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Describing and Representing Ratios

This is activity is designed to uncover misconceptions and deepen understanding.
This is the Simplified Version. Download the Comprehensive Version (PDF).


Question to Diagnose a Problem

What is the ratio of butterflies to fish?

A
3:5
B
3:8
C
5:3
D
5:8

Instructions for a Correct Answer

Show your student the question above. You can print the question from our PDF version. Ask them to choose the answer that they think is correct. If your child answers, C. 5:3, they are correct.

To be certain that they there are no misconceptions ask them to explain why they choose that answer.

It is correct because order matters in ratio comparisons. There are 5 butterflies and 3 fish. Since we are asked for the ratio of butterflies to fish, the first number must match the butterfly count and the second number must match the fish count.


Responses to Incorrect Answers

If they select an incorrect answer, respond with the explanations below.

Answer A, 3:5
If your student answered A 3:5, they chose the part to part ratio with the numbers reversed. Your child needs to be reminded that the numbers in the ratio must occur in the same order as the items described in the ratio statement. They likely counted the butterflies and fish correctly, but did not pay attention to the order of the creatures in the ratio statement.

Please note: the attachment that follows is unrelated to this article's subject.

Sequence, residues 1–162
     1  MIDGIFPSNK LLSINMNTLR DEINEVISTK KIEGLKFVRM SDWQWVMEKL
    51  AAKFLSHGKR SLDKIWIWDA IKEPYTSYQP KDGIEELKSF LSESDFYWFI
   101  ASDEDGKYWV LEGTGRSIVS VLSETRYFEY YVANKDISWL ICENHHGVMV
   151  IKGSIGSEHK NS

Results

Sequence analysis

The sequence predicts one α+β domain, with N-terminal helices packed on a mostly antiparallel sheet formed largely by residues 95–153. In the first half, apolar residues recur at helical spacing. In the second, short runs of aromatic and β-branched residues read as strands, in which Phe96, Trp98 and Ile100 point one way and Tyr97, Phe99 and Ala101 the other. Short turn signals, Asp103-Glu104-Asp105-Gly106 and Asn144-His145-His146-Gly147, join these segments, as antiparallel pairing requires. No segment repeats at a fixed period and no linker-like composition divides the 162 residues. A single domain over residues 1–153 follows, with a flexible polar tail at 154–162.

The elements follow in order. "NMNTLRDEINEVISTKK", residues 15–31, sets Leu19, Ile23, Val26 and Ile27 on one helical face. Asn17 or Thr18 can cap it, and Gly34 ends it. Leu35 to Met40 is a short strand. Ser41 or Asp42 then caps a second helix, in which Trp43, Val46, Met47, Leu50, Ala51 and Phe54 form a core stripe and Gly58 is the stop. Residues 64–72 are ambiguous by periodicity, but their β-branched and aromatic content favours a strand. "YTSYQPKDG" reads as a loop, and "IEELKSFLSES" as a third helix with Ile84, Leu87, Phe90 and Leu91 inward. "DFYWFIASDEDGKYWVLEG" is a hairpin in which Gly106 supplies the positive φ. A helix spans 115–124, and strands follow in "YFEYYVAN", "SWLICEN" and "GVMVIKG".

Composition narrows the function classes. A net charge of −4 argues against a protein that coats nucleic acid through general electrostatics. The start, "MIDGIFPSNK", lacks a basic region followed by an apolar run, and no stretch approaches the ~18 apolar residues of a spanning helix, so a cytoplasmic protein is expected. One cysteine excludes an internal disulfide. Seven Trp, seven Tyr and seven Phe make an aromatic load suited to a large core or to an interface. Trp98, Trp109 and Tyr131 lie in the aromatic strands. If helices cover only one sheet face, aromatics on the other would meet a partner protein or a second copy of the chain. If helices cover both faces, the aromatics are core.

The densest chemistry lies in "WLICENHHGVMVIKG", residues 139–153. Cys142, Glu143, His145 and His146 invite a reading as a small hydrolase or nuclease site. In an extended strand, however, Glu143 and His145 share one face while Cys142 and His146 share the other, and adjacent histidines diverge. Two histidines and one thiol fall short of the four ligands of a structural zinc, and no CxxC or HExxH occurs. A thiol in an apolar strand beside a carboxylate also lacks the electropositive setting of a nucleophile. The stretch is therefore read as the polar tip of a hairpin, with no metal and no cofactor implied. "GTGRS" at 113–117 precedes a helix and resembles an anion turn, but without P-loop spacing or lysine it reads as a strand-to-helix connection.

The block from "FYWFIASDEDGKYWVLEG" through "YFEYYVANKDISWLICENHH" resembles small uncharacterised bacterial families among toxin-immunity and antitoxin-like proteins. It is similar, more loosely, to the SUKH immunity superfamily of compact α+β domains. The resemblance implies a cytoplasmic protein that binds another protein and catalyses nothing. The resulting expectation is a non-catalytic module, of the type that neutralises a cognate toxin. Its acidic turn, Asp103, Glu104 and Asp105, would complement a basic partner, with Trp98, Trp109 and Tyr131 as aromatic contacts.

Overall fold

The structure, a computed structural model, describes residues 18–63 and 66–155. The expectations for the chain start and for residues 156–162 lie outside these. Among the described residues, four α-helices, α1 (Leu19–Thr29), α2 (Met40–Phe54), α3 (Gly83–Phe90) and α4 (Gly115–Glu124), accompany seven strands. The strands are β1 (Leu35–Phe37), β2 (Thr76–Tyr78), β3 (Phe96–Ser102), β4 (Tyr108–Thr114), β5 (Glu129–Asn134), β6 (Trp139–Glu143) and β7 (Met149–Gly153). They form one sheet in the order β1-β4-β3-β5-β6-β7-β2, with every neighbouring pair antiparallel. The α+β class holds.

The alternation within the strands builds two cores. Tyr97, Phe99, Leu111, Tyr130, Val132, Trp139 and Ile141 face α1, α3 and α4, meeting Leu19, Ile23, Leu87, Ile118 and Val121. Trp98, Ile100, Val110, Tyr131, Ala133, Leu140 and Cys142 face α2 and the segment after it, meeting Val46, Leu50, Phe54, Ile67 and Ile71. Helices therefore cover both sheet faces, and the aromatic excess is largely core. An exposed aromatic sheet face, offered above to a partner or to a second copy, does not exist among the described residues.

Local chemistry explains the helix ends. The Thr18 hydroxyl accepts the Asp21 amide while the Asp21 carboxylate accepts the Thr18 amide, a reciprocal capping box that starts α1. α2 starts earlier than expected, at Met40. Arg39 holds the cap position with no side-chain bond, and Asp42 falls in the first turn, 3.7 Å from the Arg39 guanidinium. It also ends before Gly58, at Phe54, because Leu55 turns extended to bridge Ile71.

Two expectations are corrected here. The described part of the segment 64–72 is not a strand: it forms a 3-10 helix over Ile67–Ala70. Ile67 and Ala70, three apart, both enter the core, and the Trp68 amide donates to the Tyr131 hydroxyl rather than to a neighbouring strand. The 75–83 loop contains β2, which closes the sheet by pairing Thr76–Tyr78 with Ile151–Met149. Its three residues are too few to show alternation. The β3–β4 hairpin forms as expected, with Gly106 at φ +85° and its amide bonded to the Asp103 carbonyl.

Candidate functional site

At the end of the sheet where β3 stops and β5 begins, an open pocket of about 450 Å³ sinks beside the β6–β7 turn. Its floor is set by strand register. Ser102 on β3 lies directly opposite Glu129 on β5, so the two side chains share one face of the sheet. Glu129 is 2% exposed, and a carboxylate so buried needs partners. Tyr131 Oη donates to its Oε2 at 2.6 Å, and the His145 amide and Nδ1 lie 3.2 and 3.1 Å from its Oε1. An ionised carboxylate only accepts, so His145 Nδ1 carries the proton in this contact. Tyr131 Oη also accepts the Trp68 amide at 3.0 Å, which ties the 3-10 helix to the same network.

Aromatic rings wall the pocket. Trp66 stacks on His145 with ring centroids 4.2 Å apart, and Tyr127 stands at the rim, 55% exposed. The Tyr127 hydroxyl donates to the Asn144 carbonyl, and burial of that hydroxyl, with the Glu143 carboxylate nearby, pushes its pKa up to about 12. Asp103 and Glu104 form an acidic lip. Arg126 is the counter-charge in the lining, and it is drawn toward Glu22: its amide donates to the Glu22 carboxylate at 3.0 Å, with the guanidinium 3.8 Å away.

Answer B, 3:8
If they answered B 3:8, they chose a part to whole ratio. In this case the ratio of fish to creatures. This is called a part to whole ratio because it compares one part of the creatures (fish) to the whole group (the total number of creatures).

Answer D, 5:8
If they answered D 5:8, they chose a part to whole ratio. In this case the ratio of butterflies to creatures. This is called a part to whole ratio because it compares one part of the creatures (butterflies) to the whole group (the total number of creatures).

It is likely that a student that chooses B or D doesn’t distinguish the difference between part to part ratios and part to whole ratios.

In any situation there are
  • 2 part to part ratios that can be described
  • 2 part to whole ratios that can be described
The numbers in each part or whole must match the count in the diagram and the order given in the ratio statement.


Additional Practice

For additional practice, try these two activities.

Activity #1

Lay out 3 forks and 5 spoons on a table. Ask them to name the part to part ratios
  • forks to spoons (3:5)
  • spoons to forks (5:3)
Ask them to name the part to whole ratios
  • forks to cutlery (3:8)
  • spoons to cutlery (5:8)

Activity #2

Place 2 oranges and 3 apples on a table. Ask them to name the part to part ratios
  • apples to oranges (3:2)
  • oranges to apples (2:3)
Ask them to name the part to whole ratios
  • oranges to fruit (2:5)
  • apples to fruit (3:5)

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